Then last week, other large American cities, including Detroit, New Orleans, Chicago and Atlanta, saw the giant wave crash over them. The endless stream of new, very sick patients. The lack of tests, masks, gowns and ventilators.
The hope that the outbreak might be just an urban phenomenon seemed plausible for a brief moment. Indeed, last Monday plans for an Easter “re-opening for business” were floated, until reality dashed the plan on March 29.
The outbreak there revealed a likely problem for the next wave of affected areas. Unlike the large cities — Seattle and New York City among them — Albany has just one hospital network. It has strained to meet the challenge and marshaled forces from the region. Yet other cities and towns now feeling the early surge of cases may lack specialists, intensive care beds, a cadre of well-trained nurses and a full-time municipal government capable of coordinating a community-wide response.
Across the Mississippi River sits Jackson, Mississippi, a city of about 170,000 and the state capital.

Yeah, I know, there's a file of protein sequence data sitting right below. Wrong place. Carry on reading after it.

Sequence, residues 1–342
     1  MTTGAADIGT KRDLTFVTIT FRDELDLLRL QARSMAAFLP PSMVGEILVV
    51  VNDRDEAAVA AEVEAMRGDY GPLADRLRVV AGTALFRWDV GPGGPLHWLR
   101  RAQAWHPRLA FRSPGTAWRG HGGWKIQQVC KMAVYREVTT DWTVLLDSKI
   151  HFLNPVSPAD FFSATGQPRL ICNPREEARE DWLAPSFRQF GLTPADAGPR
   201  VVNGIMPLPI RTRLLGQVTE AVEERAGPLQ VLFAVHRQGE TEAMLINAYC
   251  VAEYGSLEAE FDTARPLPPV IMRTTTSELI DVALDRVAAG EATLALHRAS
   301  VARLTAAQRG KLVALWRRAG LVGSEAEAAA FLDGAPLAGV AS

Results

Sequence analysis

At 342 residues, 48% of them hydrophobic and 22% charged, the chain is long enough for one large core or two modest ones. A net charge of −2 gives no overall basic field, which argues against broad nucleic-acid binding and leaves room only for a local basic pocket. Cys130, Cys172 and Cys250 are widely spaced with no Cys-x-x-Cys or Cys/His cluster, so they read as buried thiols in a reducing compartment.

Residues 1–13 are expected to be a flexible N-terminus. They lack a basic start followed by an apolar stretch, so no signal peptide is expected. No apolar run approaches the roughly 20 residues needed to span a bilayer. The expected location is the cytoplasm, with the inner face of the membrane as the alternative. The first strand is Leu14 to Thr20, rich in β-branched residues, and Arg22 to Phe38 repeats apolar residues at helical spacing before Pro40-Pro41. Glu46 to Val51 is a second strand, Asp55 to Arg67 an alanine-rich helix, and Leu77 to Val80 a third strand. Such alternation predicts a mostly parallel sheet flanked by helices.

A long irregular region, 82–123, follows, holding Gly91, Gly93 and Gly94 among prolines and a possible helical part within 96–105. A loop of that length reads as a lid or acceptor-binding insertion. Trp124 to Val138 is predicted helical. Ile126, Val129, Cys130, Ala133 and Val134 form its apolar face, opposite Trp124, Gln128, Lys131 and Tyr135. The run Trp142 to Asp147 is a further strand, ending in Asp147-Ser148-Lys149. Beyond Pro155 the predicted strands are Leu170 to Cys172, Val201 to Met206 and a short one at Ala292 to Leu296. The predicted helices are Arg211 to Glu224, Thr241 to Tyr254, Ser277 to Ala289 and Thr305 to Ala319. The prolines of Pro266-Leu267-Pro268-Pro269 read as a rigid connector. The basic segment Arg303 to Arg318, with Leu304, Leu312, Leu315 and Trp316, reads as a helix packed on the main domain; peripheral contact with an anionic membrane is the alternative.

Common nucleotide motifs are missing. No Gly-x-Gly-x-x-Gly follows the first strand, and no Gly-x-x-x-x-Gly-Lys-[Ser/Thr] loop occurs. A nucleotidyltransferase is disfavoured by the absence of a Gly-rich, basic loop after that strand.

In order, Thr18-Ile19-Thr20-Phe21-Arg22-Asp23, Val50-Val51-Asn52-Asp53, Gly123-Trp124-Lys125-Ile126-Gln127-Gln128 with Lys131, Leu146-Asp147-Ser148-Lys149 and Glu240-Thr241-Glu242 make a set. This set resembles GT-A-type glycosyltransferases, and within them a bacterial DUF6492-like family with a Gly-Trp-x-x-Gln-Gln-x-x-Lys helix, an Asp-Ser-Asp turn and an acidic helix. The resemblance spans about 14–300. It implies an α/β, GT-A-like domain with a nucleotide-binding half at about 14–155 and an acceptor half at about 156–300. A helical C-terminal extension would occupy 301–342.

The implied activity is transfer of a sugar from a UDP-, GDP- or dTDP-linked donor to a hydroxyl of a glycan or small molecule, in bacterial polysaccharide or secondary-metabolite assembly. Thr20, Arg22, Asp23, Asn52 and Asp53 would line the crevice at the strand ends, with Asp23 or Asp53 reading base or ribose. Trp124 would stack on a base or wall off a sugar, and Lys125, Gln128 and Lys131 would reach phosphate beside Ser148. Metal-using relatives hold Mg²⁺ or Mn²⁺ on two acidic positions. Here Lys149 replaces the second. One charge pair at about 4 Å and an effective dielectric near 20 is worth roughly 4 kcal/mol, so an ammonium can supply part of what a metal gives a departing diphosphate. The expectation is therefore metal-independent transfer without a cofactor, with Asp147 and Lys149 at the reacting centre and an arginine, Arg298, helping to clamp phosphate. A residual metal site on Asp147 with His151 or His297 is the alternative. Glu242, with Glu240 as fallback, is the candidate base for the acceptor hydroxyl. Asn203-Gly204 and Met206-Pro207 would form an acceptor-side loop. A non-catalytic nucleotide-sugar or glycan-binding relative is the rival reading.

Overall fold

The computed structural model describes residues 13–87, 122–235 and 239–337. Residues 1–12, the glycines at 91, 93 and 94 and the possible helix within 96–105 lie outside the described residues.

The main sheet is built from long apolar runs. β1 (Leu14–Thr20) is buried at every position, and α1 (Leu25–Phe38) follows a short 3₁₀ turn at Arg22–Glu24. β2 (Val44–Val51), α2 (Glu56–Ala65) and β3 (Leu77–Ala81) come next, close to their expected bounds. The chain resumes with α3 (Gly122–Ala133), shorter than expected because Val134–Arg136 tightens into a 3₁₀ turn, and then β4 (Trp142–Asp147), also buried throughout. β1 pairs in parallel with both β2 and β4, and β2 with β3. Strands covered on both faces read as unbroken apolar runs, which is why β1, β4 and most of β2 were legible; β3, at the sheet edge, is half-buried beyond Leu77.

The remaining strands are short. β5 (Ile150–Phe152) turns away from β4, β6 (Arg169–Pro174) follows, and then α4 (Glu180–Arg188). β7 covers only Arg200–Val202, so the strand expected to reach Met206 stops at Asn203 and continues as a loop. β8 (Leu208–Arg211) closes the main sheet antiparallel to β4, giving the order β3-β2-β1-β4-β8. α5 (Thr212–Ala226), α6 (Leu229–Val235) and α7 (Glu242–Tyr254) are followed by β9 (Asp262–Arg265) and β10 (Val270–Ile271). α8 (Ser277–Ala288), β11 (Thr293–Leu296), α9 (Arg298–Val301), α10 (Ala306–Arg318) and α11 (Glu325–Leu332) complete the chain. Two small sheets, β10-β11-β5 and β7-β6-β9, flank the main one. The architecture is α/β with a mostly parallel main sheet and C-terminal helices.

The appearance of so many cases in so many towns points to the next crisis for health care delivery. Hospitals in rural areas generally provide basic emergency and medical-surgical care, then refer more complex patients or those needing higher-tech care to a large city, often one with a medical school. If the large city finds itself overmatched by a certain problem, it will in turn arrange transfer to a regional super-specialty medical center.
This system is held together by ambulances, helicopters, airplanes, goodwill — and the assumption that there will always be capacity at the next level hospital.
The Covid-19 pandemic has changed that. A hospital like Cleveland Area Hospital might soon reach out to a medical center in Oklahoma City or Tulsa to transfer a Covid-19 patient in need of ICU care. But the ICUs in those large medical centers will likely soon be full of patients with Covid-19 — and their outreach to super-specialty institutions in Houston or Dallas will in short order produce the same problem of ICU gridlock.
This may mean that medical personnel at small community hospitals with nowhere else to turn will be left managing critically ill patients using equipment they are not familiar with, all the while worrying that they might catch the infection from the patient.
As has been said, the pandemic is revealing the many strengths and weaknesses of the US health care system. It is a tragedy that major cities are overwhelmed — treating too many patients with too little equipment and protection.
Yet the disruption of the well-established chain of care that goes from community hospital to local major medical center, then to regional super-specialty care may result in the largest tragedy of all.